The trifling of Burke & Litwin!
Updated: Feb 7
Just completed a session with a small charity whose board of trustees wanted to take some time to refresh their strategy. Used a tool that I find very helpful so this blog introduces it and shares a few ideas for you if you are not familiar with it.
(Had some lovely feedback that the session had been 'the most progress they had made in the past 11 years'! Wouldn't have had that without this model.)
Extremely dedicated and passionate executive group, who committed fully to the developmental aspects of the day - real delight to facilitate/coach them. Some challenge to them on what they were really about which I hope, brought some insight and inspired them to excel.
Without breaking any confidences, key issues would be familiar ones to most organisations:
how might we best respond (anticipate/benefit from) changes in our environment (PESTI);
exploring implications (SWOT) for the whole organisation;
considering how the executive leadership, operational management and their frontline people can thrive and stay healthy;
in absorbing all that what they do now need to adapt, grow, evolve or cease doing;
and agreeing a clear way forward.
The tool I used to anchor discussion was Burke-Litwin's change model. Dating from 1992 I still find it can be a very useful tool to structure a conversation on how change impacts across a traditionally structured organisation.
Great guidance here on the model if you haven't used it before. Top tip I always reveal it a box at a time in a slide deck, as it can look a bit overpowering!
Starting from the top, as external factors change they impact on what I call the big 3 - Mission, Leadership and Culture. The model identifies these as the elements of an organisation that drive the potential for Transformational change.
I see the changes from the external environment coming down the structure like ripples in a pond. As they pass 'the big 3' some of the motion will be absorbed, negated or reduced, perhaps if one element isn't in the right place or of the right size it lets a lot more movement/energy through.
The elements below the line are deemed Transactional elements, these are the important factors of organisational life that aim to add clarity, enable the management and equity of resourcing, promote opportunity and getting people paid and 'fed'!
Critical 'hygiene' issues occur here. The kind of issues that won't directly put a person on the moon but do ensure the janitor in NASA's bathroom is getting paid,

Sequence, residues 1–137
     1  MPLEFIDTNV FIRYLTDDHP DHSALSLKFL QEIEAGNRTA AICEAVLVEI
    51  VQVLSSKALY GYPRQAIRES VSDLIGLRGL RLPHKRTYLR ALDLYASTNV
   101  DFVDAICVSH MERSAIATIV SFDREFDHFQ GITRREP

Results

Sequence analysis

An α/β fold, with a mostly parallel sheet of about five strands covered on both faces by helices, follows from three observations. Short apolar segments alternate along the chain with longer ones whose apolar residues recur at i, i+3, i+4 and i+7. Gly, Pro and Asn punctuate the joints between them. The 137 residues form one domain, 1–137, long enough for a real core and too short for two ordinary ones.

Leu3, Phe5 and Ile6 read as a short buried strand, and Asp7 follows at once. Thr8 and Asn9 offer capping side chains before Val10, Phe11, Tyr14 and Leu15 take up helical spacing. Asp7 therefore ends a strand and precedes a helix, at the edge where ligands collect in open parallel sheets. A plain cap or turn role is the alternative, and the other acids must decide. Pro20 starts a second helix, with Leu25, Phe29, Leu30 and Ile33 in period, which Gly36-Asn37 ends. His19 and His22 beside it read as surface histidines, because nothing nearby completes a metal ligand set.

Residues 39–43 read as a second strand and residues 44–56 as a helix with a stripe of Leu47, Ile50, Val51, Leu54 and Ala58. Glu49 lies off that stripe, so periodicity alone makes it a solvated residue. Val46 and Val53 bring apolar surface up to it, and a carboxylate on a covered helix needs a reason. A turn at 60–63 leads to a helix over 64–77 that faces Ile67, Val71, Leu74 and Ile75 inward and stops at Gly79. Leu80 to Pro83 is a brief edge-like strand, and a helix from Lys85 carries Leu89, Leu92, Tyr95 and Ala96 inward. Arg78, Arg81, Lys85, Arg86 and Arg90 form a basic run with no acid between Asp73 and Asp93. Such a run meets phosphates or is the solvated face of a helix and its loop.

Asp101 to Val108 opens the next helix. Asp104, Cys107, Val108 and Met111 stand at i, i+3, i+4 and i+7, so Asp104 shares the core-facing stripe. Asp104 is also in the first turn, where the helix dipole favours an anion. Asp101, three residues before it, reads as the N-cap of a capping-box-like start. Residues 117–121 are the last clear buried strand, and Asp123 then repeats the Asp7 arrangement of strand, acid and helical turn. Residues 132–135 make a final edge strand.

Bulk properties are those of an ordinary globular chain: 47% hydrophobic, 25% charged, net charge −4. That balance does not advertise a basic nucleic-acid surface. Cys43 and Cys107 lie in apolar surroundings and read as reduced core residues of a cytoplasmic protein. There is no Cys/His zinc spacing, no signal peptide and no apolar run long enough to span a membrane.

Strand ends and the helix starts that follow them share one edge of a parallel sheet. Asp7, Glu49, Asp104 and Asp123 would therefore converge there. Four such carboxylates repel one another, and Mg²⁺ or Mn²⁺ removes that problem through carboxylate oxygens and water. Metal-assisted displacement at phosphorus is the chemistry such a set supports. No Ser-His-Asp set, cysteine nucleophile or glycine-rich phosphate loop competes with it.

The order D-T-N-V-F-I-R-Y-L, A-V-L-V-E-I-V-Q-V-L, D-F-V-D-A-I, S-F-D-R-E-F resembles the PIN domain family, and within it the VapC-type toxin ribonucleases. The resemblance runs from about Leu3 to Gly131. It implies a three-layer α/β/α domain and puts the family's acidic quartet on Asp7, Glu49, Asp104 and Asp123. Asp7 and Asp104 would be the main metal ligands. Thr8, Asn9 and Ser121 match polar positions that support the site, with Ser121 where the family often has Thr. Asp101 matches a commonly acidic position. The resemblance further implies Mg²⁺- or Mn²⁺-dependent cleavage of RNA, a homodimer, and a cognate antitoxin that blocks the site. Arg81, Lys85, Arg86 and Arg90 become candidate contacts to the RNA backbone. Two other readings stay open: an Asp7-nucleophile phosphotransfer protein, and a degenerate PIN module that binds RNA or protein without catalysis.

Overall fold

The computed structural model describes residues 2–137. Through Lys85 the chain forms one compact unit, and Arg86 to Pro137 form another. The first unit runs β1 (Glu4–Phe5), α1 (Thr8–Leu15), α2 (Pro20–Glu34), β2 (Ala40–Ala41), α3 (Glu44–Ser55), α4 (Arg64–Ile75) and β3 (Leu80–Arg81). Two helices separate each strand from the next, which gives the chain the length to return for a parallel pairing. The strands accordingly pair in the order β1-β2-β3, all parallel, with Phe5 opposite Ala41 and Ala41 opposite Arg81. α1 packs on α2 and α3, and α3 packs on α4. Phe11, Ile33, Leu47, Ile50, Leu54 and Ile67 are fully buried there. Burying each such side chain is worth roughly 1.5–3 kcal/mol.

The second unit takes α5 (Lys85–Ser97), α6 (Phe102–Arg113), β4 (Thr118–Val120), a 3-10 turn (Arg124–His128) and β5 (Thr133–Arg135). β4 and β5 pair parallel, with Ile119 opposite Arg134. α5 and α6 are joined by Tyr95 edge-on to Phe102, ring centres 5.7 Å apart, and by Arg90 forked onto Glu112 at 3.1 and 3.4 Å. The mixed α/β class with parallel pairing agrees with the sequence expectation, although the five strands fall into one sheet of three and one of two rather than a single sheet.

knows of that mission, is well lead and experiences the right culture to enable them to feel they can fully contribute, at their greatest potential to that endeavour.
At the bottom we see the outcomes of organisational life the individual and collective organisational performances that constitute why organisations exist. We can achieve far more together than we can as individuals.
As changes come through and reflect back and interact with other elements what occurs? When we plan a response are we responding at the right level and whom should be responding, where?
I find this causal tool useful to consider with executive teams and operational leaders, where do their boundaries and responsibilities each then lie?
Where can we agree we will each do our best work? Only overlapping if/when needed, supporting each other closely, without leaving large unhelpful gaps that evidence a clear divide.
How might we change our leadership, influence the culture or adapt our mission for best impact and with what implications?
We talked about how frustrating it can be when we find an unhelpful presence from the level above, when the influence or an unhealthy level of activity in the layer below where they really should be.
When an executive starts to almost manage a project or is becoming resident in a team, or the the micro-manager that doesn't leave the space for the frontline people to be creative, feeling trusted and empowered.
In my usual high tech, highly strategic OD way this then became a discussion of trifles!
If you have any queries or questions, or want to share how you have used this model I'd love to hear your thoughts. Keep warm too.